From the glittering lights of Broadway to community productions in Upstate, New York’s drama production industry has always been the star when it comes to live performances in the U.S. Thus, it’s simple to assume that the state has an amazing list of impressive historic theaters. And that’s definitely the correct assumption, as the historic theaters throughout the state could easily continue past a listing of 11 historic theaters. Here are ten notable theaters to view live performances throughout the state.
Built by George Eastman in 1922 at the University of Rochester, New York, this gilded theater originally seated more than 3,000 audience members and had a dazzling, 35-foot chandelier. Though it has since been renamed, renovated, and updated, the theater still features luxurious interiors.
The Hudson Opera House was first built in 1855 and though it was initially used as a theater, it was later used for various public service offices. In 1992, the Hudson Opera House was recognized by the community and was restored and reconstructed. The newly renovated theater was re-opened in 2017 and now shows live musical performances, workshops, and theater.
Stepping into the Radio City Music Hall easily takes a first-time visitor’s breath away with its Art Deco design. The Radio City Music Hall is exceedingly popular to visit over the Christmas period to catch a performance of the famed Rockettes and their perfectly synchronized high kicks. Radio City Music Hall was opened during the Great Depression by John D. Rockefeller, Jr. as a theater meant to liven up the city during a difficult time.
The Palace Theater first opened in 1913 and quickly became one of the most significant vaudeville theater in the U.S. Performers that previously graced the stage included Harry Houdini, Judy Garland, Bette Midler, and Diana Ross. The Palace Theater still headlines some of the best musicals on Broadway.
The Lyceum Theater is Broadway’s oldest continuously operating theater, with its doors first opening in 1903. When walking through New York City’s theater district, the Lyceum Theater’s façade is easy to spot, as the stone front is ornately designed with six carved columns.
With red velvet curtains, luxurious box seating, and ornate ceilings, you might be tempted to look away from the performance… even if only for a moment. Kings Theater originally opened in 1929 as a movie theater and performance hall.
The St. George Theater opened in 1929 as the most glamour vaudeville cinema on the island. It featured ornate architecture in the Spanish and Italian Baroque styles, a Wurlitzer organ, and a grand staircase. After decades of use for other purposes, the St. George Theater was purchased by a not-for-profit organization in 2004. It has since been restored and re-opened as a theater.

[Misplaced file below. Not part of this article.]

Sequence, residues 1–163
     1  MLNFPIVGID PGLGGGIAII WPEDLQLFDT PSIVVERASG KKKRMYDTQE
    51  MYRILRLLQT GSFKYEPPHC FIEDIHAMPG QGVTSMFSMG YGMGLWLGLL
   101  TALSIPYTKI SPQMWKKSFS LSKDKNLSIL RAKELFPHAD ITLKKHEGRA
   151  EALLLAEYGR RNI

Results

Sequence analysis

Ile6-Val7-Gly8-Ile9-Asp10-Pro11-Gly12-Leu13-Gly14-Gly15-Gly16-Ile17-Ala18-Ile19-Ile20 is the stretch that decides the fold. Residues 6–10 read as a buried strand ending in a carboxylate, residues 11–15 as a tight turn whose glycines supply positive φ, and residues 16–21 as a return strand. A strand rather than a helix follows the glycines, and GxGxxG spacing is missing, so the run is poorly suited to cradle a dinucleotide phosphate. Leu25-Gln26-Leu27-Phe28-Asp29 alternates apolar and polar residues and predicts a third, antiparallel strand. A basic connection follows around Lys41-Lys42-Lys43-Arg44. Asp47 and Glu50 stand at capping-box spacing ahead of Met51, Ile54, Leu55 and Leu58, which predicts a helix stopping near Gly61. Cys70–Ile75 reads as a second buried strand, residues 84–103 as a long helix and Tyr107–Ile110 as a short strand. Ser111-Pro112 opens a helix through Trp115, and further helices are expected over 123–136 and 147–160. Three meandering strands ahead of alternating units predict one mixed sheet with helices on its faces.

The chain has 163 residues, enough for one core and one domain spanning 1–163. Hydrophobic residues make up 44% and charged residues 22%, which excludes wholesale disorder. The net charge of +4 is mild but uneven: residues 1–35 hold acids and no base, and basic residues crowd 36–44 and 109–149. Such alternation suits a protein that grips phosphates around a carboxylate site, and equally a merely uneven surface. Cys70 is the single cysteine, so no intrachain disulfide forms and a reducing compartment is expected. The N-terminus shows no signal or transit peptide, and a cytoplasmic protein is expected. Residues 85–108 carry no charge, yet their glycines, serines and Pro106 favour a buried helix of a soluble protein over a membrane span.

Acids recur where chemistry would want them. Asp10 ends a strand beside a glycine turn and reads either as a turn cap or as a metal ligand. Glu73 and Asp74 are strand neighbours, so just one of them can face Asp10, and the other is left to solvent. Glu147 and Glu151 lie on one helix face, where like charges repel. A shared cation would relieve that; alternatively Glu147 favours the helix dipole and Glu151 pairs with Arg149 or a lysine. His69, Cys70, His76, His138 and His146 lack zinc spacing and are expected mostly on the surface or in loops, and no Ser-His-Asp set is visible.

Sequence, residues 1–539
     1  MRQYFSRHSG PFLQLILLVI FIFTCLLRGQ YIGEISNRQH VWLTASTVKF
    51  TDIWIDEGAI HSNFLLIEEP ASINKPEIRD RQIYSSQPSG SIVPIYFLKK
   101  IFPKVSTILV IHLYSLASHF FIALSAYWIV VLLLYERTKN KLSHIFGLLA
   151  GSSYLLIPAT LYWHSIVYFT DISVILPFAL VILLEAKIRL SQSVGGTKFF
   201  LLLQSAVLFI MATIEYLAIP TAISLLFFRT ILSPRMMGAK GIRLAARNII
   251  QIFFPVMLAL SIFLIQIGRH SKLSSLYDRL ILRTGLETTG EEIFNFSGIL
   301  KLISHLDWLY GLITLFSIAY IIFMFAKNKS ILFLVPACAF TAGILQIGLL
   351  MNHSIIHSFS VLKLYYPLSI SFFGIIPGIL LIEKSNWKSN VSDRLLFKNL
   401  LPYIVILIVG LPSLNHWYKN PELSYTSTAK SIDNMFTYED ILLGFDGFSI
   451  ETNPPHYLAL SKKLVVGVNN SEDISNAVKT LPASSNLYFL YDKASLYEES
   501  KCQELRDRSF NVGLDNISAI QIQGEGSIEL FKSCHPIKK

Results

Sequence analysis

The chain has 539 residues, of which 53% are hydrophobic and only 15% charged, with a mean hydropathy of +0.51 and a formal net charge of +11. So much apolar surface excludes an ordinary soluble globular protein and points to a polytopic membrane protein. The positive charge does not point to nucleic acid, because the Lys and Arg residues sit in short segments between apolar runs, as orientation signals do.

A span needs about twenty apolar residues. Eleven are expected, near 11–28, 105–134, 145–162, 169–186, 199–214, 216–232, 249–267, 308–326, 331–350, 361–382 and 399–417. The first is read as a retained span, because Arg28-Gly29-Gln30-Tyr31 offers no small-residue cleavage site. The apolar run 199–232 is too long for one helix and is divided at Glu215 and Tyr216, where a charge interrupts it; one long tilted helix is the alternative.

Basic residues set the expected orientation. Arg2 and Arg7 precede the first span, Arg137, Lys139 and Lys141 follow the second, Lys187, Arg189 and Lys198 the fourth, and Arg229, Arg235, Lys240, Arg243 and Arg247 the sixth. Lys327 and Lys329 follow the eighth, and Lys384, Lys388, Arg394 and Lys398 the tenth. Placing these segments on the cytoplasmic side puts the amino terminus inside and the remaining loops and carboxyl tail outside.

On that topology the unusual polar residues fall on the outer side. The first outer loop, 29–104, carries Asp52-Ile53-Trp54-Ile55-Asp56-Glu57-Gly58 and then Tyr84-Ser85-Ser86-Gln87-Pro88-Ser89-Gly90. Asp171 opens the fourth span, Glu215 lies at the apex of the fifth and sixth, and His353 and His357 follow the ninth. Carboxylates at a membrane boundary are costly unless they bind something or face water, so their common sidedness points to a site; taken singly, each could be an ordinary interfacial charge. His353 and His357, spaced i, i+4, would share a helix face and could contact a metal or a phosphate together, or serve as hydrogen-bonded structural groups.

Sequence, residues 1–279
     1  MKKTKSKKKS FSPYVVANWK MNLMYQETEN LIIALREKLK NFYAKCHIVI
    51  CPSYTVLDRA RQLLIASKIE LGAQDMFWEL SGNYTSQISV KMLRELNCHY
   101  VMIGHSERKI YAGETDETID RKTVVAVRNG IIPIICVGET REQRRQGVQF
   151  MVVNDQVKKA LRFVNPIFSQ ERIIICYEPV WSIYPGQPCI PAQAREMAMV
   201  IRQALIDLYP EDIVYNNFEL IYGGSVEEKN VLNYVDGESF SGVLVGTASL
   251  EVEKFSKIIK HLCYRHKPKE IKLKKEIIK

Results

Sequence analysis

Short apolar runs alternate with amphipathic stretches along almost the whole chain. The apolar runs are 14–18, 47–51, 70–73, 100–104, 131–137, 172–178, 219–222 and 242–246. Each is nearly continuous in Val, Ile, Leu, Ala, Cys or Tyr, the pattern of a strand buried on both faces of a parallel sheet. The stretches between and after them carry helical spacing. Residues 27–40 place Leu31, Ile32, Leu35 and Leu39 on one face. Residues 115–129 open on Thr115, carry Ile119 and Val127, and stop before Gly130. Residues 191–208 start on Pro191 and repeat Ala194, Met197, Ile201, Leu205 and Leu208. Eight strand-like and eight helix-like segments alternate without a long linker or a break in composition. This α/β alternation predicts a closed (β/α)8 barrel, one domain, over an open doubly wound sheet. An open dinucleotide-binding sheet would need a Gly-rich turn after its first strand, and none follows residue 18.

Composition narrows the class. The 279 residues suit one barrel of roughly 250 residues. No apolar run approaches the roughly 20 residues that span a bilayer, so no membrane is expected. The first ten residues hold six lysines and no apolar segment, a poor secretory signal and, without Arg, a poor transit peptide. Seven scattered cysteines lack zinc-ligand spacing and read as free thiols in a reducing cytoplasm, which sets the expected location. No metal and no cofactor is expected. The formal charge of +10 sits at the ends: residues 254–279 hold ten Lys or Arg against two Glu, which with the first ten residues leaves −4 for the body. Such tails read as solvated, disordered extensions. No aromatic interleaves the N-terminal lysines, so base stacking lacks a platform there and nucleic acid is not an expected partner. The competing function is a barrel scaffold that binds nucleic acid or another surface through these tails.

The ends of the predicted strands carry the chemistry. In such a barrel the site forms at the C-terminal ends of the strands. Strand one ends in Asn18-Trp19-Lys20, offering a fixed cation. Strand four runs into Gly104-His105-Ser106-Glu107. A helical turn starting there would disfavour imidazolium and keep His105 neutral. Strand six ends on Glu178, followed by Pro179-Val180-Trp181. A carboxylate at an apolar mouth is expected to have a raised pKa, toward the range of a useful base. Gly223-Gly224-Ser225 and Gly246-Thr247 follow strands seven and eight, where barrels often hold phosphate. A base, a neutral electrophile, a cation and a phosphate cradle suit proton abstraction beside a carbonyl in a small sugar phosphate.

Just re-opened after decades of use for other purposes, the Hudson Theater is now considered the oldest theater on Broadway, although it hasn’t been in continuous use for performances. Originally opened in 1903, the Hudson Theater saw the likes of Elvis Presley and Louis Armstrong performing, as well as having the first female theater producer on Broadway, Renee Harris. Now patrons can see it as it once was, as it recently reopened as a theater after careful restorations.
Proctors opened to 7,000 patrons just after Christmas in 1926. This magnificent theater was opened during the height of vaudevillian theaters by Frederick Freeman Proctor, who had opened numerous other theaters throughout the northeast. The theater was designed with Italian Baroque and Egyptian details and featured carved plaster, a glass chandelier, and gilded details. Later, Proctors was added to the National Register of Historic Places following its rejuvenation in 1979. After further more recent renovations and additions, Proctors now features a school and frequent performances.
This theatre venue opened in 1923 and since that day has continued to offer the very best in film and live productions. Patchogue survived a fire in 1958 and has been going strong ever since then. With additions and updates installed along the way, the Patchogue Theatre is sure to impress.
It doesn’t get much more opulent than the Metropolitan Opera House at Lincoln Center. New York City is home to a variety of legendary theaters with many stories to tell, and the Metropolitan Opera House ranks among the best for that. The largest repertory opera house in the world, the Metropolitan can seat 3,800 people. Be sure to keep up with their schedule for upcoming performances.